Education as an enjoyable journey

Posted: April 04, 2007

Zooming through the hallways of Delsea Regional High School on her cherry-red scooter, Madeline Propert was in her element - calling hello to the students who lingered after school, chatting up a colleague.

After 30 years at the Gloucester County school, Propert is known to everyone at Delsea. Chances are she's taught them the difference between abstract and concrete nouns, or sat with them in a meeting about the school's annual fund-raising drive to help homeless families, or helped them get publicity for some good deed they've done.

Propert wears multiple hats. She's an English teacher first and foremost, and she also oversees activities at the school. But her frequent dispatches about the goings-on, large and small, of the school district are her chief joy.

Her meticulous news releases - complete with a photo of every student mentioned, the activities they participate in, and their parents' names - pile up in reporter's in boxes, at least a few a week. She receives no compensation for serving as Delsea's public-relations specialist.

Lists of honor-roll students, articles about students of the month, and notes about the senior citizens' prom (students host local seniors) might be ho-hum to some. Propert regards each as important.

"Somebody said to me, 'Why bother? It doesn't make a difference.' But when students see their name or their picture in the paper, it means so much to them," Propert said.

It's not a high-profile gig, Propert acknowledges. But it plays to her strengths.

"I love to write, and I love to talk. I love showcasing our terrific kids," she said.

Inside her cheerful classroom, Propert's pride in Delsea and its 1,200 students is everywhere. Thick maroon scrapbooks take up an entire shelf of one bookcase, each representing one year's worth of news clips.

Each page is festooned with stickers, brightly colored construction paper, and exuberant phrases: "Wonderful Students Achieving Wonderful Things!" and "Peace, Respect, No Drugs, Delsea!"

Her walls are decorated with photographs, citations she's received, and plaques. One certificate, from a student, lauds Propert "for being a good and caring teacher. And for helping me when I needed a good job."

But she might be packing everything away in June; she's thinking of retiring at the end of the school year.

"There are days that I don't ever want to leave, and there are days when I want to walk out of here at 8 a.m.," said Propert, 56, who lives in Williamstown with her husband, Fred.

During her three decades at the Franklinville school, Propert has taught classes from gifted and talented to remedial. She's been a public speaking teacher and taught about print and broadcast journalism.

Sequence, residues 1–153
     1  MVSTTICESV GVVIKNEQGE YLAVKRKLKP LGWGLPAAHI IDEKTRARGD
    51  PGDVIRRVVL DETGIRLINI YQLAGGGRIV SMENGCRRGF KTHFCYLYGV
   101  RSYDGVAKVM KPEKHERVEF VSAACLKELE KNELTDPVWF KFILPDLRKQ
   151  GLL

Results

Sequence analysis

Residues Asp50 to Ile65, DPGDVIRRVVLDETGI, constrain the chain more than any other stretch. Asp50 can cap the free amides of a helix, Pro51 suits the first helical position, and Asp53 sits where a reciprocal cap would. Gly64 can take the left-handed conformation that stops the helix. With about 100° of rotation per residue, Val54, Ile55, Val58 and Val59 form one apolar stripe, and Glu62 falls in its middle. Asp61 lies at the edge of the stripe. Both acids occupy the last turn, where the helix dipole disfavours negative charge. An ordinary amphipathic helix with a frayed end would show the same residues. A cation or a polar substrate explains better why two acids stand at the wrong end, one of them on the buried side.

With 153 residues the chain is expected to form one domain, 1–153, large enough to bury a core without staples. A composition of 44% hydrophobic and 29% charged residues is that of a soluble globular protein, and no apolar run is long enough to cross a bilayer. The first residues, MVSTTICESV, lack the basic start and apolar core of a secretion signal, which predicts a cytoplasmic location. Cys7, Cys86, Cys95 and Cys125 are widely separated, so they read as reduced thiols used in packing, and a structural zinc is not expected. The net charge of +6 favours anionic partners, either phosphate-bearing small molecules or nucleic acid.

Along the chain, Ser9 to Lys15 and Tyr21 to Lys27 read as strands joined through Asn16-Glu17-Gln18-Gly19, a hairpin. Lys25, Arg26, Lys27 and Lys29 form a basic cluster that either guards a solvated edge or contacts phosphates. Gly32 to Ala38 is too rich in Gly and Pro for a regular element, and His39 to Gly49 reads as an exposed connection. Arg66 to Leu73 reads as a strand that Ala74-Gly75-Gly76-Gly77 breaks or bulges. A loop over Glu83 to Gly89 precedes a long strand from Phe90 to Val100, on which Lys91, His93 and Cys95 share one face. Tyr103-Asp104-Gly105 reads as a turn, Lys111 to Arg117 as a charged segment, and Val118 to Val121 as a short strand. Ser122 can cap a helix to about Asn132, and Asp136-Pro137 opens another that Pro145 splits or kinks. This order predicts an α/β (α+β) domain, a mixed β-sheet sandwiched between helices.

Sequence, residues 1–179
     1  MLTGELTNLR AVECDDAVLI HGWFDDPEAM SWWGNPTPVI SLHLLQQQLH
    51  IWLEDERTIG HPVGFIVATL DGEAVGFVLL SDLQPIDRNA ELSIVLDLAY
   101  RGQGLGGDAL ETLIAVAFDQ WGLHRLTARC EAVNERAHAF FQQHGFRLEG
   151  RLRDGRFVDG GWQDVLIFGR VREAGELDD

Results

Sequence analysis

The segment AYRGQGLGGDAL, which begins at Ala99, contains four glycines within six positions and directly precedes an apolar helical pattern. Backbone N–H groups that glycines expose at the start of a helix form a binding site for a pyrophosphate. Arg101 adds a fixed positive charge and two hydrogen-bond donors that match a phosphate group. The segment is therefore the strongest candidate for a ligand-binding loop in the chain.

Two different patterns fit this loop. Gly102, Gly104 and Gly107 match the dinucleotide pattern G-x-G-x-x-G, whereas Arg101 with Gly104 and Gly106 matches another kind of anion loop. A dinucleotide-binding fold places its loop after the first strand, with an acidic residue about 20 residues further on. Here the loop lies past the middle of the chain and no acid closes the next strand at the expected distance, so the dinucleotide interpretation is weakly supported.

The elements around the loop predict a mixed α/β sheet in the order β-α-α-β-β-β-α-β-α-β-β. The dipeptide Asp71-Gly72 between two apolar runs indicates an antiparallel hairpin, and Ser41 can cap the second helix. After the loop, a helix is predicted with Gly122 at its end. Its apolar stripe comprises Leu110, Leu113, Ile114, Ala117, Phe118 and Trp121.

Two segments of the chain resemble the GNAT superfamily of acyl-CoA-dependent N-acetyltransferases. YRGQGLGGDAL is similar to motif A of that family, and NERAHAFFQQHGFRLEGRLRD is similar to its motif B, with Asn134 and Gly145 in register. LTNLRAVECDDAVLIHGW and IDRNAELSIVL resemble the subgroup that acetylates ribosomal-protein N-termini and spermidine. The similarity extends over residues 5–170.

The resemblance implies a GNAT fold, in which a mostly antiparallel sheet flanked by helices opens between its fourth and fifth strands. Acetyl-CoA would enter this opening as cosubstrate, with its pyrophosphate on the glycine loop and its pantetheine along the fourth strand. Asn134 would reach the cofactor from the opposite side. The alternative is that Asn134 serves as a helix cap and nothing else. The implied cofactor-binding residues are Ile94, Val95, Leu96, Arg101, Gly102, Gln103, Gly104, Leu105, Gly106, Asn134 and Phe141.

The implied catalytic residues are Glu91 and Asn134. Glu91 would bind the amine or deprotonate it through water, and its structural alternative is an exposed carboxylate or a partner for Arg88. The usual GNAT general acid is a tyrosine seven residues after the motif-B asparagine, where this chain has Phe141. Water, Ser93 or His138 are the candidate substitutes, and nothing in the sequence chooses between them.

There has been plenty of change: technology, for one. And all those years of standing on hard floors have made navigating Delsea's long hallways on foot too difficult, so Propert now uses a motorized scooter, in Delsea red, with lights, a horn, and an apple keychain dangling off the front, to move through the school.

There has been one constant, though.

"I've always loved the kids. I'm close to students that I had my very first year here," she said.

Pupils from far-flung places still visit her, send her presents at the holidays, call to check up on her. And she gets recognized in the strangest places.

"A security guard at a casino comes running up to me and I thought, 'Oh no! What did I do wrong?' When he got in close, I realized it was a former student," she said.

Her face lights up when she talks about what "her kids" have taught her: patience, creativity, and most of all, humor.

"They make me laugh all the time," she said.

That was evident recently in a class for students who didn't pass New Jersey's graduation test in reading and writing skills.

She steered a class of 11 juniors through a writing exercise and discussion of what America means to them.

There was levity - Propert playfully asserting her grammatical authority when one student insisted it was correct to say "my students and me" drew plenty of teasing and hearty laughs all around - but there was also serious discussion.

"Alexis, you wrote that America means duty to you. Tell me more," Propert pressed the class, nodding at Alexis Wilks.

"You have a duty to serve your country. You have to defend your rights," junior Kyle Beemer said. Propert beamed.

Gary Pressley Jr. said Propert and her class were "cool."

"She makes you work. You've got to work. I might not like it, but it will help me in college," Pressley said.

Her students like her, they said, because she's laid-back, because she arranges chairs in a loose rectangle, and sits among them. They like her because they learn persuasive writing through essays about which candy bar is the best and because they learn about sentence fragments by deconstructing sandwiches.

They like her because if she catches them performing a selfless act, she'll reward them with food or a prize from her goody drawer.

They like her because she does whatever she can to get them to love writing, even if it means letting them scrawl on her windows in washable chalk.

Ali LaRosa grew up hearing about Propert - her father, Thomas, was in the first play Propert ever directed. Now she's one of Propert's students.

"You can have fun with Mrs. Propert," Ali said.

Propert's room is a haven for students, and she loves that.

"There's always a few students who would rather be here than anywhere else," she said. "That's what you hope for kids - that they have a place to feel safe, that they enjoy school."

Kristen Graham |

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Contact reporter Kristen Graham at 215-854-5146 or To comment or to ask a question, go to

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